Campustown and city of Ames to propose new bike lanes


The City of Ames and Campustown are working together to add bike lanes to a number of roads around and to campus. The bike lanes are planned for Lincoln Way, Welch Avenue, Chamberlain Street and 13th Street. Bikers are currently using the same streets as the motorists and this proposal would help take care of this safety issue.

Ryan Leon

The conflict between motorists and cyclists may be nearing a truce in Campustown.

Campustown and the city of Ames are partnering to introduce new bike lanes into some of the major streets on campus. The proposed lanes would be potentially added to Lincoln Way, Welch Avenue, as well as Chamberlain Street and 13th Street.

“Right now, Lincoln [Way] and 13th [Street] are the only ways to get east and west all the way through Ames, and those roads are not always the most bicycle friendly,” said Richard Reynolds, president of the Campustown Action Association.

While bikes already occupy the same lanes on the streets, they are often seen as a nuisance to motorists.

“This conflict has caused many bike-riding students to avoid streets all together, which has caused an influx of bike traffic on campus,” Reynolds said.

The new lanes would alleviate the traffic in both places and give cyclists a safe place to ride on the major streets of Ames.

The bike-lane proposal will be brought up at the January Campustown Action Association board meeting, but there are already some ideas being considered.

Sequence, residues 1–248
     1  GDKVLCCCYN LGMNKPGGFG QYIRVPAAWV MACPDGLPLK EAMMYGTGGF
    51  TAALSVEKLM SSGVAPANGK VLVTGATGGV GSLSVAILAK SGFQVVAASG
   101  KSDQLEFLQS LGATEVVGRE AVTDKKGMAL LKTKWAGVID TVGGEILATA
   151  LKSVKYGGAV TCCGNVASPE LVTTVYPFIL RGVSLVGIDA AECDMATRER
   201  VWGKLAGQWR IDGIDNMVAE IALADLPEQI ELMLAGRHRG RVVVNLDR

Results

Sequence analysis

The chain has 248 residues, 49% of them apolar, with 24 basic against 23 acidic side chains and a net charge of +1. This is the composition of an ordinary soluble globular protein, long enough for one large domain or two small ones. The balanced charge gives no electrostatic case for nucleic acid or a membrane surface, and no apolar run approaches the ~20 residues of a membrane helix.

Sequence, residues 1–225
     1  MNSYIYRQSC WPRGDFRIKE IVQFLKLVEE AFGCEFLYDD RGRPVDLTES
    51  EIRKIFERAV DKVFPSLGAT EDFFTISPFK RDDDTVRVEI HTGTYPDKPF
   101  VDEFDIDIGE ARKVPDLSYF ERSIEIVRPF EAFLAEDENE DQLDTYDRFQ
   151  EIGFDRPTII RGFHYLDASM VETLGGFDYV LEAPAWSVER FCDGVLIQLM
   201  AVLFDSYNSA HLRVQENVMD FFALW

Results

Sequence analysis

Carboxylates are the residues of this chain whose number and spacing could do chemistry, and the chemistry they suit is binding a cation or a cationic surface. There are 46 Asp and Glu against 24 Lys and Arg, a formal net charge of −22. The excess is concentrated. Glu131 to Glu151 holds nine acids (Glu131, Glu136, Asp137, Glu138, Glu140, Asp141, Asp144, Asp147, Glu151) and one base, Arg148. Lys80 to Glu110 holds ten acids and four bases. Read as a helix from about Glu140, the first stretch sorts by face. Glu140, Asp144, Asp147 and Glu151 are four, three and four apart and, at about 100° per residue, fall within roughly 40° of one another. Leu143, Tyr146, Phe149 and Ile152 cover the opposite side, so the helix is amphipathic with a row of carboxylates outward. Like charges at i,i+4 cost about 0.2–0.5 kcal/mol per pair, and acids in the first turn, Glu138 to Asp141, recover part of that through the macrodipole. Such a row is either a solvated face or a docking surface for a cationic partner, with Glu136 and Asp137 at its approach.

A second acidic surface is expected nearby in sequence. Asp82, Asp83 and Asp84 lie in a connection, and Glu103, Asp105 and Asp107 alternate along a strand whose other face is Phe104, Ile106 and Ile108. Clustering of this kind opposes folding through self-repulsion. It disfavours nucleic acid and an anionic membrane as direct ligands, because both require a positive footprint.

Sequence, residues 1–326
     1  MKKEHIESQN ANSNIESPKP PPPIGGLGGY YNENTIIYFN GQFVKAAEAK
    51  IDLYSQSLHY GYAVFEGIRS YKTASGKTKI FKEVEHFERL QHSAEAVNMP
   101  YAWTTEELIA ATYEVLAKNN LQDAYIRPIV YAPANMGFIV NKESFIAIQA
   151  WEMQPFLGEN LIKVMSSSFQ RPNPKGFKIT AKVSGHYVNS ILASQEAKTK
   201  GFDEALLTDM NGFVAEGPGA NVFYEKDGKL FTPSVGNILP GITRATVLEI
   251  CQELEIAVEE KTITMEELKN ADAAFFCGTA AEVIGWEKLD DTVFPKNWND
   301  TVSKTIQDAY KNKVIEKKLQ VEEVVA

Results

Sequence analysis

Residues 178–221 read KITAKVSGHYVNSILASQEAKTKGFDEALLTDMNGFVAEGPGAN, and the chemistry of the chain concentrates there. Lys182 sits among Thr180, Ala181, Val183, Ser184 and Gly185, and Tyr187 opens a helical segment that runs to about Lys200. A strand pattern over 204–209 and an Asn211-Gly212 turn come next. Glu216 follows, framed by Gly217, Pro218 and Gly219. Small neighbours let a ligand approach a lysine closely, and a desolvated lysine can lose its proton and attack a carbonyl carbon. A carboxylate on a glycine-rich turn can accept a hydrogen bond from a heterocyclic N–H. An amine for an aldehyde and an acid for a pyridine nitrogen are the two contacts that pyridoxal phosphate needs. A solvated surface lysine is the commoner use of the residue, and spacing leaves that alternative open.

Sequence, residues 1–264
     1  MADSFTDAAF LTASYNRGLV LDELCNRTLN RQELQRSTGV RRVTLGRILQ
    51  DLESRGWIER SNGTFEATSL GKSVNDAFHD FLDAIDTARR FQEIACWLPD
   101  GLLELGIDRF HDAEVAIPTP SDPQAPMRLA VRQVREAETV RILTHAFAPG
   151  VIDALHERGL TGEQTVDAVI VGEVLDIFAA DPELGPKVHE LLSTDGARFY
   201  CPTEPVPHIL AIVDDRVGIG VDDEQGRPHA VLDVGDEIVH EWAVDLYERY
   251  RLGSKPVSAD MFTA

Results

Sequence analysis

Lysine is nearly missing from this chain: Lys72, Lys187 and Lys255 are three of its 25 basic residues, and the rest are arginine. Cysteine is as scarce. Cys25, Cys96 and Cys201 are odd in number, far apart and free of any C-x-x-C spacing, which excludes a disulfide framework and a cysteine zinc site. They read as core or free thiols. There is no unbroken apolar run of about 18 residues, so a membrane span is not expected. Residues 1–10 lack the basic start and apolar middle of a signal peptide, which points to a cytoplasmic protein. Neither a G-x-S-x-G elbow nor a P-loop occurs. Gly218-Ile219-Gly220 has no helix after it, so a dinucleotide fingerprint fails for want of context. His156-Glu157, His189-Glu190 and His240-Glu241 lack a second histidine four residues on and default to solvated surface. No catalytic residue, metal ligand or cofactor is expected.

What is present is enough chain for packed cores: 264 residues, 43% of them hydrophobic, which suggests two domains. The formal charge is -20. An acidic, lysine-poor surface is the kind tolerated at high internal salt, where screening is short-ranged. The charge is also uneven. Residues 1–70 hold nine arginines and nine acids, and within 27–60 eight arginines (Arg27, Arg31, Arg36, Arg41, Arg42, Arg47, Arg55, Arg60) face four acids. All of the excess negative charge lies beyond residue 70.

One of the most popular ideas is to paint green bicycle lanes on some of the major streets and intersections. The city of Cedar Rapids, Iowa, implemented this idea in September and has already seen results.

The lanes are painted in bright green and are visible during the day and the night. These lanes are for cyclists only but can be crossed by cars when making a right-hand turn, pulling into a driveway or parking.

The city and the Campustown Action Association need to develop a plan to deal with the lack of room for construction.

“We can’t really make room for new roads,” said Kim Hanna, director of the Campustown Action Association. “Almost all of our buildings come right up to the property line. That’s why our sidewalks are so small to begin with.”

With the current layout, new construction to widen the road is virtually impossible because Lincoln Way and 13th Street are state highways.

These ideas are meant to make the road a safer place for everyone. Campustown is already a very pedestrian-friendly place and they hope to extend that hospitality to cyclists.

Along with the lanes, Campustown wants to create better street crossings and designated dismount zones for cyclists.

“If we add new crossings and dismount zones, it will help to increase the safety of cyclists as they will be able to get on and off their bikes without disrupting traffic,” Reynolds said.

These new changes could produce major changes for Campustown travel, not only for cyclists, but for everyone on campus. Students will have to wait until January to know the final verdict.